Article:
You need to introduce Apple TV, now. Home entertainment is still about big-screen TVs, gaming platforms, and sound systems. In the conference call, when asked about convergence, Cook said, "You can converge a toaster and a refrigerator, but those things are probably not going to be pleasing to the user." Right. And I don't want to watch Mad Men on a 10-inch iPad when I have a 60-inch big screen in my living room. With all of the gaming platforms aging, no clear choice in televisions, and Apple with a massive ecosystem of game developers champing at the bit, it's time to introduce the 70-inch iMac with beautiful Retina Display, a built-in gaming console, and a DVD player -- a Wi-Fi-enabled, Ethernet-equipped home-entertainment bonanza.
iCloud. Keep pounding this, because 125 million people love it and it represents the biggest opportunity you have to enhance the switching costs of the ecosystem. I cannot tell you how much I love having all of my stuff on all of my devices. Don't shoot yourself in the foot with pricing on this -- make it cheap.
"The New." It's obvious to me that Apple realizes its conundrum. This is why the most recent iPad offering wasn't iPad 3. It was "the new iPad." It's also why we don't buy Mac 12. I suspect the next iPhone will not be iPhone 5, but "the new iPhone." Apple is aware of the "top it" mentality and is changing its marketing to combat this phenomenon. I think this is smart, and I would advise Cook to keep it up. Reduce expectations while still delivering awesomeness.
Content. This is where the real battle is going to be waged, isn't it? What good are all these razors without the content blades? Netflix, Hulu, iTunes, Amazon.com, Nook, Kindle, Zune (heh), xBox, PlayStation, Wii. Everyone wants content. Everyone is waging war over the content rights. Apple may never win this war, but it at least needs to keep up with the Joneses. It will win by delivering the thin-client razors that everyone wants, and the content blades will be forced to stay with Apple for access to the massive distribution.
Information architecture. Glee is on Tuesday nights at 8 p.m. ET on Fox HD, which is channel 505 for Verizon FiOS in Washington, D.C. Why does this information matter? Because it allows me to find it. It allows me to know how to program my TiVo to record it. Without this incredibly important information, I would not be able to consume my favorite content. Network television and the major carriers (Verizon, Comcast, DirectTV, Time Warner) provide us the information architecture for discovery of our favorite programming, much the same way that American Top 40 used to provide us the information architecture to discover our favorite music. Without it, we are literally lost.
In an age of streaming content, publishers are starting to explore less expensive, exclusive distribution to places like Hulu, Netflix, and YouTube. Apple has, through iTunes, the ability to shift the paradigm away from the cable/telco monopolies. The content just is; it doesn't care where it lives. All of the power rests in the distribution and information architecture. Apple has a chance to own this. Can't you imagine a network like Showtime deciding to distribute its programming exclusively through iTunes? Access to hundreds of millions of people around the world? Oh, and you can watch all of the exclusive iTunes content on your iPad, iPhone, iPod Touch, Macbook Air, or 70-inch Home EnteriMac theater. Networks? What networks?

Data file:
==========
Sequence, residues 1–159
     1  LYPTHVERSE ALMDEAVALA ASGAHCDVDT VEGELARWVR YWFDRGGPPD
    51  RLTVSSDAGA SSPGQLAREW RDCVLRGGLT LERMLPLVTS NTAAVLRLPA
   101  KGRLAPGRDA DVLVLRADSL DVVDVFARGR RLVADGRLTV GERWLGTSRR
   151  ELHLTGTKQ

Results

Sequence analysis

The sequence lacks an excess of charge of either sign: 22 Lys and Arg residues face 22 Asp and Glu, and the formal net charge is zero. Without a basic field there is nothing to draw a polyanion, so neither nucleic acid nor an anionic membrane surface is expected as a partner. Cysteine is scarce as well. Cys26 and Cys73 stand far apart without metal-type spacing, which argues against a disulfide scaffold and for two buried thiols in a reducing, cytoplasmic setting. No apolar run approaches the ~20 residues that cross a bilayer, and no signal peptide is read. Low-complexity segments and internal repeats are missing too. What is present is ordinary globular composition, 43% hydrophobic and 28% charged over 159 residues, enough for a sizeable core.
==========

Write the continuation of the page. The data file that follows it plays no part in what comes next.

The Foolish bottom line
More than anything, Apple has going for it what few companies have ever been able to claim. It may be the most beloved company ever. A lot of that has to do with Steve Jobs. It's unclear what the personality of the brand will be now that he's gone. But we're at a crazy inflexion point, and Apple has the biggest foot in the door. If Apple can execute the strategy well, it'll deliver you the next chapter of Assassin's Creed, future Weeds episodes, the latest Glee covers, 50 Shades of Grey, and possibly that $4,200 stock price you so desperately desire.
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David Forrest owns 2014 call LEAPS in Amazon. The Motley Fool owns shares of Qualcomm, Sony, Amazon.com, Microsoft, Google, Apple, and Coca-Cola and has created a bear call spread position in Sony. Motley Fool newsletter services have recommended buying shares of Procter & Gamble, Apple, Google, Nintendo, Coca-Cola, Amazon.com, Microsoft, and Netflix, creating bull call spread positions in Apple and Microsoft, and writing covered calls on Dell. The Motley Fool has a disclosure policy. The Motley Fool has a disclosure policy. We Fools don't all hold the same opinions, but we all believe that considering a diverse range of insights makes us better investors. Try any of our Foolish newsletter services free for 30 days.